Web Date: October 14, 2010
Debunking The Detection Limit Myth
Critics of environmental regulations often argue that as analytical methods become more precise, policymakers push for tougher regulations, because scientists can detect smaller and smaller contaminant concentrations. But a new report concludes that this criticism, known as the "vanishing zero effect," is a myth—at least when it comes to U.S. drinking water regulations. Instead, the authors find that a better understanding of a chemical's toxicology appears to be the primary driver of changes in regulatory limits (Environ. Sci. Technol., DOI: 10.1021/es101417u).
Although people have invoked the vanishing zero effect for decades, no one had yet examined its validity. So engineers Ryan Calder and Ketra Schmitt of Concordia University in Montreal, decided to perform the first comprehensive analysis of the role that improved detection capabilities play in drinking water regulation
The pair of myth-busters examined three possible rationales for changing a specific contaminant's regulations: an improved detection technique, a better understanding of its toxicology, or a cheaper method to treat it. They specifically evaluated the evolution of the Safe Drinking Water Act of 1974, because those regulations undergo regular review.
"What we found surprised us," Schmitt says. The act regulates 67 chemical contaminants, but since it went into effect, the regulatory limits of only 15 chemicals have changed. "We were surprised that regulations aren't changing as quickly as we anticipated," she says. Even more surprising, regulations for seven of those 15 contaminants, including barium, selenium, and chromium, have became less stringent over time—the opposite direction predicted by the vanishing zero effect.
Still, regulations for six contaminants have stiffened. Of those six, only the regulatory limits on now banned pesticides, lindane and toxaphene, are now at their detection limits. Meanwhile, arsenic's regulatory limits are well above its detection limit and policymakers based that choice on toxicology—its cancer risk—tempered by treatment cost concerns. Toxicological information also drove the limits for cadmium and the pesticide methoxychlor.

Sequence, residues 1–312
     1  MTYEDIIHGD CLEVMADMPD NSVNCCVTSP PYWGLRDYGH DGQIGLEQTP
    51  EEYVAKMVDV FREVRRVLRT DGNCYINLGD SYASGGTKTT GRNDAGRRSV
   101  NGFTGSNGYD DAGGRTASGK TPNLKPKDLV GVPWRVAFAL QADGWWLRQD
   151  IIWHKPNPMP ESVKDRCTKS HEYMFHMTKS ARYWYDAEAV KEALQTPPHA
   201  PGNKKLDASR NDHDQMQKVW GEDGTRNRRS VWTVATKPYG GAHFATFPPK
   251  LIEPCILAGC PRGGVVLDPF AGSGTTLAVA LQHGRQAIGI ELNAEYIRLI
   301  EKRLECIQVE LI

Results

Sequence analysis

Calder and Schmitt also found that toxicological information plays an important role in screening emerging contaminants for potential regulation. For example, regulators first considered perchlorate as a candidate for drinking water limits when an analytical breakthrough lowered its detection limit. But the current regulatory discussions focus on mitigating its health effects.
The paper shines light on a previously ignored topic, says engineering analyst Patrick Gurian at Drexel University in Philadelphia: "It's nice to see some critical thinking and evidence brought to bear on this common belief."
Gurian thinks that improved analytical methods have actually made regulatory decisions more complex. "Once we could simply regulate to a level we could detect," he says. "Now we have to face societal choices about how much to invest in risk reduction and how much risk we are willing to accept."
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